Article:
A Bit Il­lu­sion­ary

Though it is a huge tech­no­log­i­cal leap to get 3D ex­pe­ri­ence on a mo­bile phone, and that too with the naked eye, the LG Op­ti­mus 3D falls short of ex­pec­ta­tions on the qual­ity and smooth­ness of the ex­pe­ri­ence

Voice&Data - - HANDSET REVIEW - Gyana Ran­jan Swain

The mo­ment we think about a 3D movie ex­pe­ri­ence these days, the first real in­stance that comes to our mind is the Jijo Pun­noose di­rected Hindi movie Ch­hota Chetan way back in 1998 when we used a pair of spe­cial­ized gog­gles to get the real feel of 3D con­tent on a sil­ver screen. Things have changed a lot since then, the dis­play medium has shrunk from the 77 mm sil­ver screen to 5-inch mo­bile phone. And mind it, you don’t even have to put on a pair of 3D gog­gles to watch the con­tent on the mo­bile phone. Though it is a huge tech­no­log­i­cal leap to get 3D ex­pe­ri­ence on a mo­bile phone and that too with the naked eye, the qual­ity and smooth­ness of the ex­pe­ri­ence would be a mat­ter of de­lib­er­a­tion.

Re­cently, Korean elec­tron­ics ma­jor LG brought In­dia a mo­bile phone that of­fers 3D view­ing ex­pe­ri­ence, and yes, with­out a gog­gle. The LG Op­ti­mus 3D is the sec­ond de­vice af­ter HTC EVO 3D.

Hard­ware and Styling

At first glance, the de­vice has a candy bar form fac­tor and is re­ally big, al­most as big as your hand. The screen is fairly large at 4.3-inches and cov­ers most of the front. Be­low the screen rest are 4 touch sen­si­tive but­tons. On the left of the de­vice we have the mi­cro USB port and the HDMI out port. The top has the 3.5-mm head­phones jack and the power/lock screen but­ton. The right houses the vol­ume rocker and the cam­era shut­ter but­ton.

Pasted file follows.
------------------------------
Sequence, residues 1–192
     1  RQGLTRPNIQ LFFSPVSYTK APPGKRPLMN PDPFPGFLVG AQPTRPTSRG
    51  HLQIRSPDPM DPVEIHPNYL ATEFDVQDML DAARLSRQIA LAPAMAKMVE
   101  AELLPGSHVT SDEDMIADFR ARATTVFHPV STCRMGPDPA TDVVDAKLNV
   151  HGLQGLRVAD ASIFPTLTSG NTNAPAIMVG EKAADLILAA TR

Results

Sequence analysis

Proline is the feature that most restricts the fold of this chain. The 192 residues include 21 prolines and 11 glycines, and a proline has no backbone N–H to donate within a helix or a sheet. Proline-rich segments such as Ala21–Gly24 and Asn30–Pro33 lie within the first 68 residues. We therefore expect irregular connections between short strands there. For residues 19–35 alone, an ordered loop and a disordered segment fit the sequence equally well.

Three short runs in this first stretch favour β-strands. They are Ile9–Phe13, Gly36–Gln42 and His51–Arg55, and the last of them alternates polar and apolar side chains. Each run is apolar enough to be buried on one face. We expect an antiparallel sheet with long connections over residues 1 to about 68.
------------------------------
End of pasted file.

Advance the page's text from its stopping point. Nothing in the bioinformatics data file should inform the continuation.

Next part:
For more re­lated ar­ti­cles go to voicen­data.com


The first thing that will dis­ap­point you is that it runs on Android 2.2 and not 2.3. The de­vice will be upgrad­able to 2.3. Like all Android de­vices, the LG Op­ti­mus 3D is heav­ily skinned. The 3D in­ter­face on the other hand is a dif­fer­ent ball game all to­gether. All the 3D con­tent can be ac­cessed from the ‘3D space’ app. This app gives you ac­cess to 3D games, the 3D cam­era, 3D Gallery, Youtube 3D, and the 3D Guide.

The 3D in­ter­face of the de­vice is re­ally good and adds to the feel­ing of depth per­cep­tion but at the same time also feels gim­micky. A good ad­di­tion to the de­vice is that you can not only view 3D con­tent on it but also stream it to your 3D en­abled TV via HDMI or DLNA.

The de­vice comes pre­loaded with 4 3D games that give you the abil­ity to con­trol the level of 3D via a tog­gle. But nat­u­rally while play­ing, you are bound to move the de­vice quite a bit jar­ring the 3D im­age and screen and in­evitably end­ing up giv­ing you—you guessed it, a headache.

The on-board cam­era on the de­vice does what it does well. But in 2D mode, a 5 MP cam­era on such an ex­pen­sive de­vice seems a bit of a let­down es­pe­cially since smart­phones in the same price bracket of­fer you an 8 MP shooter. The im­ages pro­duced in 2D are crisp, clear and even vi­brant if the light­ing con­di­tions are good. But if you de­cide to rely on the on-board flash, you will end up with av­er­age pho­tos.


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